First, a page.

New report from Essie Justice shows women with incarcerated loved ones are traumatized by marginalization
Mass incarceration intensifies the financial and social burdens that already fall too hard on women.
by Lucius Couloute, May 14, 2018
1 in 4 women in the U.S. – and nearly 1 in 2 Black women – have a loved one who is incarcerated, but even in conversations about ending mass incarceration, the hardships these women face get little attention. A new report from the Essie Justice Group exposes the profound isolation that is experienced by these women and ignored by the rest of society.
Essie surveyed over 2,000 women and collected a wealth of focus-group and interview data, all aimed at uncovering the experience of being a woman with an incarcerated loved one. We partnered with Essie to help analyze this data. Our work produced disturbing findings: Not only do women with incarcerated loved ones feel stigmatized and isolated; they also disproportionately suffer from financial insecurity, homelessness, and serious mental and physical health problems.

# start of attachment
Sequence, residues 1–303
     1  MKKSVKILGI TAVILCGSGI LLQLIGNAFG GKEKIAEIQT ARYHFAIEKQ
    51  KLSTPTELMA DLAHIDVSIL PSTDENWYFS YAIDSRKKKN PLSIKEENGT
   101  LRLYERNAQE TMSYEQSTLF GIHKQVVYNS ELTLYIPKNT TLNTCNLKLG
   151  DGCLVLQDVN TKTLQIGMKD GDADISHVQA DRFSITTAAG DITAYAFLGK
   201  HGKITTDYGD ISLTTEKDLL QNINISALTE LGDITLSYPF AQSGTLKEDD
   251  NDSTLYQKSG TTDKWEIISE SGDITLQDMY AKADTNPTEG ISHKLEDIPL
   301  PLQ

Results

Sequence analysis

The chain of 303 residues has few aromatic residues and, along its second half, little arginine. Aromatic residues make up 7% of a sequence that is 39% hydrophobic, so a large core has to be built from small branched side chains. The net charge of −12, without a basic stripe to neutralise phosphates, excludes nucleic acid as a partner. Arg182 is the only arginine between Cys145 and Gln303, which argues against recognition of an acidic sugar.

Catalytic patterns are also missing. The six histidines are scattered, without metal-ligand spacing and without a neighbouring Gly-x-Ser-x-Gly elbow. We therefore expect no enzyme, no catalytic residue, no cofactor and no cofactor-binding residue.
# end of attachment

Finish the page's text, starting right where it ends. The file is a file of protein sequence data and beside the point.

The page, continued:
Women provide their incarcerated loved ones with numerous types of support, which can include posting bail or paying burdensome court fees. Shouldering these burdens often destabilizes their lives: Fully 43% of the women Essie surveyed had missed out on educational opportunities, changed their career plans, or taken on longer hours as the result of their loved one’s incarceration. More than half of them had childcare responsibilities as well.
It’s clearer than ever that overpolicing and overcriminalization – far from making families safer – creates anxiety and insecurity for the mothers, wives, and sisters of people behind bars. Women with incarcerated loved ones are isolated politically, not just socially. Listening to their experiences is critical to understanding how mass incarceration devastates entire communities.